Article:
TL;DR: AI’s rapid advancement poses new challenges. Essential skills for the AI economy include AI literacy, ethics, and human-AI collaboration. Organizations and individuals need to proactively develop these skills to align with the demands of the AI economy. Read last week’s post here.
At this point, I wouldn’t be surprised if you’re already using some form of AI technology on a daily basis in your personal or professional life. Nearly every week, a new AI tool is released that can boost our productivity and improve our work.
But with the accelerated advancement of AI comes a slew of new challenges and implications for our future.
Last week, we discussed how the rapid evolution of AI would impact the core skills we’ve come to rely on over the previous three decades in the knowledge and digital economy. And with so many of those core competencies now called into question, what areas should we prioritize as we go forward?
“What essential skills will we
need in the AI economy?”
In other words: what essential skills will we need to flourish in the new AI economy?
I don’t have a crystal ball, but here is what I think will be the most important.
Understanding the fundamentals of AI technology will be a critical starting point for both individuals and organizations. This means constantly updating yourself on AI’s evolving capabilities and applications, as well as familiarizing yourself with core concepts that underlie these tools – such as machine learning, big data, model training, and so on.
AI Ethics and Responsibility
Looking at AI ethics and responsibility from an organizational perspective, it’s crucial to explore how AI will affect not only the company’s products or services but also internal relationships and team dynamics. We must recognize that these systems are currently trained on biased data sets; therefore, they often produce biased responses. Educating our teams on these potential biases and inaccuracies is important as we integrate these tools into our daily work.
“We’re in uncharted waters,
and we must tread carefully.”
There are also much broader concerns pertaining to AI ethics and responsibility. Many have been pushing back on AI development, with tens of thousands signing an open letter to slow down the training of more powerful AI systems. Another report recently released about a top-level engineer at Google who expressed concern about the dangers of the AI chatbot he is helping to create.
We have entered uncharted waters, and we must tread carefully.
Data Management and Privacy
As organizations train AI systems on specific data sets to prompt deeper analysis, they must securely manage data to protect user privacy and confidential company information. Who can access this data to train the system, who will have access to use the system itself, and where will the system be hosted — these are all questions companies must consider from a data management and privacy perspective.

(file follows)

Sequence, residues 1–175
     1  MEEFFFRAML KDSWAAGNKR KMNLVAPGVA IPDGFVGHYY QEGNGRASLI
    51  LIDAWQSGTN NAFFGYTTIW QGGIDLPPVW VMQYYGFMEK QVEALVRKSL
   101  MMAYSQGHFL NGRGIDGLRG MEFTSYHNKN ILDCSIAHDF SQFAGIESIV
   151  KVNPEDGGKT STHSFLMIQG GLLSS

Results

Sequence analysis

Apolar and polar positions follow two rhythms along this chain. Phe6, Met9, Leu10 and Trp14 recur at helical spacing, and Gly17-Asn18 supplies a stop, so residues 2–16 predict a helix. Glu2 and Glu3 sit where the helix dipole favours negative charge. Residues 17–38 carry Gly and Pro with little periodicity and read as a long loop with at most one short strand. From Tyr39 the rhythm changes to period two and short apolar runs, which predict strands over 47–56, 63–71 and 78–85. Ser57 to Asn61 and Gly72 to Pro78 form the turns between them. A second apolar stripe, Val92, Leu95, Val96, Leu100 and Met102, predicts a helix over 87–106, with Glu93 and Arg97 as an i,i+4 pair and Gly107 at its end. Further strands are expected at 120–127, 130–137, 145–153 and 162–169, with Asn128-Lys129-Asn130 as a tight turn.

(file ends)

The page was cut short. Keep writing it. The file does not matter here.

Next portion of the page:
On an individual level, we must ask ourselves what our core skills are and how AI tools can complement them. Keeping up-to-date with the latest AI tools and getting creative with how we utilize them to accelerate our productivity and improve our output will be a major skill as we look ahead.
AI System Design and Development
The number of applications designed with AI support will grow exponentially, highlighting the importance of people who can design and develop these large language models and AI systems. Even becoming proficient with key programming languages like Python will have short-term and long-term benefits, allowing you to interface with existing APIs to create customized systems that enhance AI collaboration. Programming will become a real superpower, especially if you’re in a technology-oriented space.
As AI systems become more complex and intricate, their ability to generate actionable insights will increase as well. Going forward, combining and utilizing the right AI tools to generate these insights and draw conclusions from them will be an essential skill.
“Many of the roles we
fill will be transformed.”
Change Management and Adaptability
The disruption that will take place as AI systems become more integrated within organizations will be significant. Leadership must be able to manage this change and help their teams adapt to new skill sets, new collaboration methods, new organizational structures, and so on. Many of the roles we currently fill will be transformed and rescaled — adapting will be vital for success.
AI-Enhanced Creativity and Innovation
Regarding creative work, we already see potent tools that can generate high-quality writing and images. Naturally, these tools will continue to reach other creative domains like video, animation, and music to the same effect. And with the help of these tools as AI collaborators, the creative process will accelerate and transform; There will likely be less time spent on ideation and labor and more time spent on art direction and editorial decision-making.
AI Policy and Regulation
It’s absolutely critical for organizations to understand policies and regulations surrounding AI systems. What are the legal implications of using these tools? What are the creator’s rights? These are just a few of the many questions companies must consider when developing internal policies and regulatory frameworks.
When we take a closer look, there is quite a departure from the skill sets of the knowledge and digital economy we previously discussed.
And I think there is a major opportunity here, from both an organizational and individual perspective, to proactively develop our skill sets so they align with what the AI economy will demand.
We have a choice to make:
Either we self-initiate this disruption and get ahead, or we wait for AI to inevitably cause disruption for us.
That’s all for this week.